Saudi Arabia’s G20 presidency years in the making
Saudi Arabia’s new role at the pinnacle of the Group of 20 leading global economies is a result of reforms that have been in the works for over a decade, according to diplomats and officials.
The Kingdom assumed the presidency of the G20 on Sunday, marking the first time the summit will be hosted by an Arab nation. It has announced three aims: empowering people, especially women and youth; safeguarding the planet; and shaping new frontiers, particularly relating to innovation and technology.
Former US diplomat Robert Jordan said the Kingdom’s accession to the World Trade Organization, a process that began in 2002 and was completed in 2005, paved the way for its membership and leadership of the global body.
An unprecedented reform program has opened the traditionally closed country. Religious police disappeared from the streets last year, bans on music, dancing and entertainment were lifted, women were permitted to drive and travel abroad without permission from a male guardian and tourists were welcomed to the country for the first time. The reforms, spearheaded by Crown Prince Mohammed bin Salman, also extended to the economy with the sale of shares in the state oil company Saudi Aramco.
Jordan, who left his post in 2010, said the reform program had brought about significant change. “I saw a lot of optimism, a significant commitment to improving their education system, diversifying away from dependence on oil, and further encouragement of foreign direct investment. I think they have even hiked the focus since I was there, with the recent steps encouraging much interaction with the rest of the world,” said Jordan.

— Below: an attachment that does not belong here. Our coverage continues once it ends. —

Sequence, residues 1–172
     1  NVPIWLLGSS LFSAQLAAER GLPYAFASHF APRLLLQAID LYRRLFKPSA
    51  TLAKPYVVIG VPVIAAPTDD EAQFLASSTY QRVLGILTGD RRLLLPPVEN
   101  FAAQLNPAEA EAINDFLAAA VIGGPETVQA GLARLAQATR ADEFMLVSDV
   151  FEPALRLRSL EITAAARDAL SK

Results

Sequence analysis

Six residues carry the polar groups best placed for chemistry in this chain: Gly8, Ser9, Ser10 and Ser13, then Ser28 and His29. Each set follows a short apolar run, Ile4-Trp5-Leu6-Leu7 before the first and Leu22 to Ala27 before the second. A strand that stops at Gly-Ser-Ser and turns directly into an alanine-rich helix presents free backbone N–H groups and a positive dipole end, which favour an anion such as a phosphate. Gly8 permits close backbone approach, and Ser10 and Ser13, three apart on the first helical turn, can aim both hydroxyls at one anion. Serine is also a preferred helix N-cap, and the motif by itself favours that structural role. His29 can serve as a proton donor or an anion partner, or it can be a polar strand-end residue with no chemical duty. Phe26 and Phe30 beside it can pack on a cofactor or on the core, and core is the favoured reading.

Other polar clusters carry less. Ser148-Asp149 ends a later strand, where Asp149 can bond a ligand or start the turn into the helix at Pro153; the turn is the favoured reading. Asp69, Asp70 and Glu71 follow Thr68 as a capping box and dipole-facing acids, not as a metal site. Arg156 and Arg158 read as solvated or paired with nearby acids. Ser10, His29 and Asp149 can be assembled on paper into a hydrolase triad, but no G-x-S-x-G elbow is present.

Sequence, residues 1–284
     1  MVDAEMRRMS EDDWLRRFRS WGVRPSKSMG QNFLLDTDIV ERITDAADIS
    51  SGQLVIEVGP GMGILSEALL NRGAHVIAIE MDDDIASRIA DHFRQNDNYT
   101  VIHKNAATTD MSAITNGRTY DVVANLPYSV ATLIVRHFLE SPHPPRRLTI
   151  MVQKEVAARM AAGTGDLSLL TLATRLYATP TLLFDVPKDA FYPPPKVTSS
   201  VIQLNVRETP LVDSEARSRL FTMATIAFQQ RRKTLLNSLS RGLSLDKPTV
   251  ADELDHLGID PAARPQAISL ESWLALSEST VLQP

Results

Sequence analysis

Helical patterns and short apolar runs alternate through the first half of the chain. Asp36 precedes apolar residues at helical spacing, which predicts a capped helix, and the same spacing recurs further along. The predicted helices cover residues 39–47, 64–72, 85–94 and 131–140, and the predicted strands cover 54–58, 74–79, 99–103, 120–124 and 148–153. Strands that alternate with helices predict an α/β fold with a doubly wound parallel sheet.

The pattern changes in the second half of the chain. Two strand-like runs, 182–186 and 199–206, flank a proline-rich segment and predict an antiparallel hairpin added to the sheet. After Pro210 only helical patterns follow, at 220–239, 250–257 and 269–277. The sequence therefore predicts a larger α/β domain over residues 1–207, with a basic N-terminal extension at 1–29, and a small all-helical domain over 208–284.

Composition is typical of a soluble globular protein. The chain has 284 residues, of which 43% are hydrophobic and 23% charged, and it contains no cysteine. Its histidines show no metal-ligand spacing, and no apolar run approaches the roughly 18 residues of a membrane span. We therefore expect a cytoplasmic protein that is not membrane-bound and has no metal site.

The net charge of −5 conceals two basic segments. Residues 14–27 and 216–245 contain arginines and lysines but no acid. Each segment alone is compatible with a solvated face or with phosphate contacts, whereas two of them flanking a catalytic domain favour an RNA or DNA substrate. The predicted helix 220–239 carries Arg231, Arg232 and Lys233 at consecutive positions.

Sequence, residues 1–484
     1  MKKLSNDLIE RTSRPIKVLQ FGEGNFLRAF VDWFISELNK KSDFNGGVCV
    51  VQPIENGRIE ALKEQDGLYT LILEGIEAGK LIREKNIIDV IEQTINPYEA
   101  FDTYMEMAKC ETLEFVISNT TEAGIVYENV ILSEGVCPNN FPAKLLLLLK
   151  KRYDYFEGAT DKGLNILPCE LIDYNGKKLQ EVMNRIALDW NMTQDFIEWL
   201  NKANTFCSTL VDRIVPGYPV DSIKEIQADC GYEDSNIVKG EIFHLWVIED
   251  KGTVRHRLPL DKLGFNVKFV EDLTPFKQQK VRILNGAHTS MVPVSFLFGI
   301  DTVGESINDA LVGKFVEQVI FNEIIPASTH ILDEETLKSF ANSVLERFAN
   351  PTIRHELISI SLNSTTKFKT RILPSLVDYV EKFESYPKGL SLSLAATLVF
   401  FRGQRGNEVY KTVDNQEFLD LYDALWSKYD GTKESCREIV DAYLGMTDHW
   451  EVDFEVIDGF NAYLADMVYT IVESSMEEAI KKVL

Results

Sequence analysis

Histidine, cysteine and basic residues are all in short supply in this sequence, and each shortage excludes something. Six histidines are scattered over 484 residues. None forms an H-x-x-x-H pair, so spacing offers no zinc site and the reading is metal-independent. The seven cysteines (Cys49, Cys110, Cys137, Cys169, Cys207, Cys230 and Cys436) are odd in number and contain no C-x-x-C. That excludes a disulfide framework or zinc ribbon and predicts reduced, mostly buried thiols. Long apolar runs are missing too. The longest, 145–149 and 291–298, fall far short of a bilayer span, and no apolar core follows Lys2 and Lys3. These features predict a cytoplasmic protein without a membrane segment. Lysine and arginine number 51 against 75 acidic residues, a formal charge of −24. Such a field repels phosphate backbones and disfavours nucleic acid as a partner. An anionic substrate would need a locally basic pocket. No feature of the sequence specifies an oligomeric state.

King Salman bin Abdulaziz has hailed the G20 presidency as proof of Saudi Arabia’s key role in the global economy.
The Crown Prince said on Sunday the presidency would give Saudi Arabia the opportunity to share its unique regional perspective with the world.
“In hosting the G20, the Kingdom will have an important role to play by sharing the perspective of the Middle East and North Africa region,” the Crown Prince said, according to a statement by the Saudi Press Agency (SPA).
The annual summit is scheduled to take place in Riyadh from November 21 to 22, 2020. More than 100 related events will take place in the country throughout the year on topics such as tourism, energy and digital economy.
Former G20 president, Italian Prime Minister Matteo Renzi, said in October the summit would be an opportunity for Saudi Arabia to send a message that it is a “superpower” not just economically, but also in culture and sustainability. He added that the Saudi Aramco’s initial public offering sends a “very positive” message to the world about the Kingdom’s economic reforms.
The Group of 20 leading global economies has brought together financial leaders and policymakers of developed and developing countries, and the European Union, since 1999 to discuss economic growth, trade, regulation, and other related topics. Each summit is chaired by a different member.
G20 members include the US, EU, UK, Saudi Arabia, China, India, Russia, and Turkey. All 20 members together represent about 80 percent of the world’s economic output.